Organically Grown?
Answered by: Conrad Richter
Question from: Diane J. Wandler
Posted on: April 19, 1998

I am interested in ordering some herbal plants from Richters. Can you tell me if your plants are pesticide/chemical free - in other words, organically grown?

Richters was one of the first commercial nurseries to advocate organic growing methods. As early as 1968 we were already growing plants, herbs and vegetables organically, both in our greenhouses and fields, and we were the subject of several television and radio programs because of our interest in organic methods. We also have an ongoing research and development program to search for better methods of pest control using natural materials. The R & D program has already yielded a special spray formulation we use on aphids which not only gives immediate control but gives a long lasting control.

We have learned that growing plants in the garden and growing in the greenhouse are very, very different. It is much easier to grow organically in the garden than in the greenhouse. There are many reasons for that. Probably the biggest reason is the effects of unfiltered sunlight and cool temperatures on garden-grown plants, environmental conditions which we believe result in plants that are better able to defend against pests. In the greenhouse, plants are noticebly softer, perhaps making them more susceptible to pests. Because of the demands of the marketplace, we must grow plants in greenhouses to have them ready to ship to customers in spring.

Growing in greenhouses requires special care to avert pest infestations. We do not use harmful chemicals on our sale plants. We use Safer’s insecticidal soap, nicotine, neem, pyrethrum, and various homemade sprays made with natural ingredients. We use beneficials such as ladybugs, Scanmask (beneficial nematodes), and mite predators and whitefly parasites. Some pests such as scale and mealybug are not adequately controlled with the above treatments so we throw out plants found to be infected with them. Fortunately, we have few problems because we are so vigilant, monitoring plants regularly, inspecting both the plants themselves carefully and yellow sticky traps placed throughout the greenhouses.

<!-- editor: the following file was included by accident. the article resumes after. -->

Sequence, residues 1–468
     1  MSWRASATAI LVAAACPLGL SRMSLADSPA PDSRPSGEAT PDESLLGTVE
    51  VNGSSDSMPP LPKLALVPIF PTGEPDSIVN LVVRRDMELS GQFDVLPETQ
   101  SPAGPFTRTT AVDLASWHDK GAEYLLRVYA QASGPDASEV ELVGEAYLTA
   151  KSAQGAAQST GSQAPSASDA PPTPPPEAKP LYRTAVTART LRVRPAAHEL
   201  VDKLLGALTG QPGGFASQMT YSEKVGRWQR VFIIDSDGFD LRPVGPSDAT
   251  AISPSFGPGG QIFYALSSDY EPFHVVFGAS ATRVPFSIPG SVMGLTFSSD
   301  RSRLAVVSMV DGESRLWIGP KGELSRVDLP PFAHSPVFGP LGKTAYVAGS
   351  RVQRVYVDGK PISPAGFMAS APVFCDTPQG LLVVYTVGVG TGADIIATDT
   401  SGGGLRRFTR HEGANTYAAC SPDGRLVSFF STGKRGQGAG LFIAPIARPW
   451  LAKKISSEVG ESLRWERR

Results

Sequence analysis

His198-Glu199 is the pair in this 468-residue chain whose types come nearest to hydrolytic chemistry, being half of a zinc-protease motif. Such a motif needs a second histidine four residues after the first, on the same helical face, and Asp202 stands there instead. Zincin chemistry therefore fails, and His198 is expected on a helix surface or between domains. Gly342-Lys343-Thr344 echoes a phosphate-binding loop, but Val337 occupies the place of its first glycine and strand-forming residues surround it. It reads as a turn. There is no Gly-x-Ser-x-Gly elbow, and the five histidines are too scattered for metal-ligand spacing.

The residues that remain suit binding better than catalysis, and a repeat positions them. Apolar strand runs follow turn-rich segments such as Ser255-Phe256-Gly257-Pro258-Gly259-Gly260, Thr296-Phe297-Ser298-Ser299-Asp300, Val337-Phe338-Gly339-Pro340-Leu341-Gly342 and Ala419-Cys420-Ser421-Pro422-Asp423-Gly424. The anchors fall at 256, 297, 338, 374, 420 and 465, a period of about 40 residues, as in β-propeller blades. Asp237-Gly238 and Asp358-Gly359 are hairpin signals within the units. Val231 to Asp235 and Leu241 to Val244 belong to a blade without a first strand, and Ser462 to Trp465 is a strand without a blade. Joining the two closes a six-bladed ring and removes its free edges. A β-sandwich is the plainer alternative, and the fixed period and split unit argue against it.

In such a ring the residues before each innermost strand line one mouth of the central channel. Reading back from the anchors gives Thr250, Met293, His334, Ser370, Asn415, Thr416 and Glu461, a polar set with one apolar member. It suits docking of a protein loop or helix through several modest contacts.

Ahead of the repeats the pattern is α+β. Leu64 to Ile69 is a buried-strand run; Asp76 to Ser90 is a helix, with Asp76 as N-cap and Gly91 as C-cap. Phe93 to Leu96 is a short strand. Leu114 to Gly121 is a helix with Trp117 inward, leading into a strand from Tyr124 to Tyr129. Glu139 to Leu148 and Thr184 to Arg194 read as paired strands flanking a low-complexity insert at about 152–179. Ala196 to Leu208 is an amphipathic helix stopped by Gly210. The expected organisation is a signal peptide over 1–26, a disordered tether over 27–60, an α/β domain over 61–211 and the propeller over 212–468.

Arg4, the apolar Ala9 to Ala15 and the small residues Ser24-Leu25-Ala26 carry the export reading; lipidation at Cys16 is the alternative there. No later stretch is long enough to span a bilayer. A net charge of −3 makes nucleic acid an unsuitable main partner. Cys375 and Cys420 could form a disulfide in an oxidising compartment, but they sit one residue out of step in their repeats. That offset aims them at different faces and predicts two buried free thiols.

With our stock plants (plants from which we take cuttings) the situation is different. Throwing out large stock plants is usually not an option if they get infested. When natural controls do not work, we rely on more potent controls, but applications are selective and never indiscriminate, and stock plants are kept in areas separate from the sale plant areas.

We are investing thousands of dollars installing bug screens on all of our greenhouses. These barriers will reduce the chance of infestations coming from outside our greenhouses and reduce the need for spraying.

Our soil mix is a special organic formulation consisting of peat, compost, perlite and sand.

Until a few years ago we relied on a fish emulsion for liquid feeding. But the company that supplied the product changed their manufacturing process and the fish emulsion began to destroy our liquid injection equipment. We tried to reprocess the fish emulsion ourselves without success. The product is fine for home gardens (we still sell it), but it is not acceptable for commercial use. We are looking for an organic liquid fertilizer which will work with commercial injection equipment. For now, much as we dislike having to do so, we are using standard commercial liquid fertilizer on all our plants.

What about the seeds? Are they the same?

Many of our seeds are either organic or collected from the wild. However, not all herb seeds are not available in organic form. What we produce ourselves is organic, but we must rely on growers and collectors around the world and we cannot guarantee that their seeds are organic.

We do not sell treated seeds.

As for the dried herbs we sell, all are organically grown or wildcrafted.

I am interested in ordering slippery elm and turkish rhubarb plants. I live in North Dakota, USA. How soon would they be shipped if I get my order in in the next day or two?

We ship plant orders to the U.S. every 2-4 weeks during the shipping season, April to October. We ship to southern areas first and work our way north. By mid May, we will have shipped to all states except Alaska. Orders going to North Dakota will be shipped in May.

The above is for potted herbs. Plug trays are different. The shipping season starts earlier and commercial customers can request specific ship dates.

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